An extension of El Charro has many negative impacts. It facilitates building the largest residential development in Pleasanton and it would be a conduit to I-580/E Dublin area, bringing even more traffic to our city streets. The estimated cost of El Charro is a staggering $90 million-the equivalent of three new elementary schools. Who foots the bill? Perhaps our ½ cent sales tax, Measure BB funds, could be used but how does this benefit Pleasanton with more cut-through traffic? Isn't it funded by our tax dollars? This is a lose-lose proposition. Extending El Charro from I-580 to Stanley Blvd. does 2 things: It funnels cut-through traffic from I-580/680, and is a first step for a massive East Side Development. Pleasanton residents can direct and influence the future of our city. Email your concerns to and visit to learn more about what is going on in Pleasanton.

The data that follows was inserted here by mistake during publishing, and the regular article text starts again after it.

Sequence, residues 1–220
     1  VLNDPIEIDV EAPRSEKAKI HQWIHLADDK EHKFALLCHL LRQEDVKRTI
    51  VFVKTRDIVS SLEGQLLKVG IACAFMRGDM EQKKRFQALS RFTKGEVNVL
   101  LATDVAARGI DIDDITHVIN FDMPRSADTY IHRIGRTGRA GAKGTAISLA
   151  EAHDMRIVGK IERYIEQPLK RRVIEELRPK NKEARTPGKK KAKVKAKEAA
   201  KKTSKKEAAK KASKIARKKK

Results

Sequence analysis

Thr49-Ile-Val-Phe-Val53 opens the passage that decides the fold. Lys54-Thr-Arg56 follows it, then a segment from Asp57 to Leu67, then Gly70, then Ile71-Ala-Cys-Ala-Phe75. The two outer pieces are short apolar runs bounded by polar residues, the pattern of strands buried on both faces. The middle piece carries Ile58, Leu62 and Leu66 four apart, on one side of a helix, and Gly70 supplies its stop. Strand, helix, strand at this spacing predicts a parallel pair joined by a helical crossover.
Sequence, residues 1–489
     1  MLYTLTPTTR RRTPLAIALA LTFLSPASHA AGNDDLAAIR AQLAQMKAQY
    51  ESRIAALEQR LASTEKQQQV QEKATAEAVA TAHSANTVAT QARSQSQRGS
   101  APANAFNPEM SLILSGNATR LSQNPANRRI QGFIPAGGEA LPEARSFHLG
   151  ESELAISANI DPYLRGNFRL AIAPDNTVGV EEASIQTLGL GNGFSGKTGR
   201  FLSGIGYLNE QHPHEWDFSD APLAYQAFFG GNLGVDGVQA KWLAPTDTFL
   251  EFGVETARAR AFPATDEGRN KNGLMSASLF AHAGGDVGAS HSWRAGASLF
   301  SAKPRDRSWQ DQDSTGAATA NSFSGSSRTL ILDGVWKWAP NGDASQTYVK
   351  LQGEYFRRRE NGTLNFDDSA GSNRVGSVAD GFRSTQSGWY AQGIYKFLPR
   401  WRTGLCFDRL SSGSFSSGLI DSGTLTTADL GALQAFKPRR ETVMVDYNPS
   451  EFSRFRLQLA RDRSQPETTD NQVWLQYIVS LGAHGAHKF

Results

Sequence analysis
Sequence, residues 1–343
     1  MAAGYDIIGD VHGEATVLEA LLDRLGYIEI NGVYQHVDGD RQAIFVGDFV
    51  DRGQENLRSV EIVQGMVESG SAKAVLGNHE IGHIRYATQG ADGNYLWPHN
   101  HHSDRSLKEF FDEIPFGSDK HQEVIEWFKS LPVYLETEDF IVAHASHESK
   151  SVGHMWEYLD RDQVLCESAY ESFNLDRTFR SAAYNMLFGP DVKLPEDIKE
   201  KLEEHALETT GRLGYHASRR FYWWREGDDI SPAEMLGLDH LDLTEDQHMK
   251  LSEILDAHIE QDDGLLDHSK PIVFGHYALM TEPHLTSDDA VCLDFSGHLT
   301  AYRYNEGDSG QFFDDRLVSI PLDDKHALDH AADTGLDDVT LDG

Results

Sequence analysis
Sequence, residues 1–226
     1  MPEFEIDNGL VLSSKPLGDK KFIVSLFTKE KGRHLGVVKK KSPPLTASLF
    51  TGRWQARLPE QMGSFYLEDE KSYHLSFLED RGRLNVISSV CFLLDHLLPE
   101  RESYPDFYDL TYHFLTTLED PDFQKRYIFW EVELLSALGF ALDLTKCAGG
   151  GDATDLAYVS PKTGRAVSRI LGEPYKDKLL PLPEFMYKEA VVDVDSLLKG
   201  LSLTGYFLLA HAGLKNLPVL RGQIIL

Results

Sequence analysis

News from Pleasanton Voters

Your urgent attention is required!
It’s as easy as sending a simple email by 5:00 p.m. on Thursday, March 9

An El Charro Extension Offers NO Benefit to Pleasanton
Kelly Cousins, Ph.D, President of


2,000 new housing units are currently under construction or in the planning in Pleasanton. At a special meeting of the Pleasanton City Council on Tuesday, March 14 at 6:00 p.m., the Council will consider adding the planning of the last large undeveloped parcel of land in the city (the East Side) to its two-year priority list.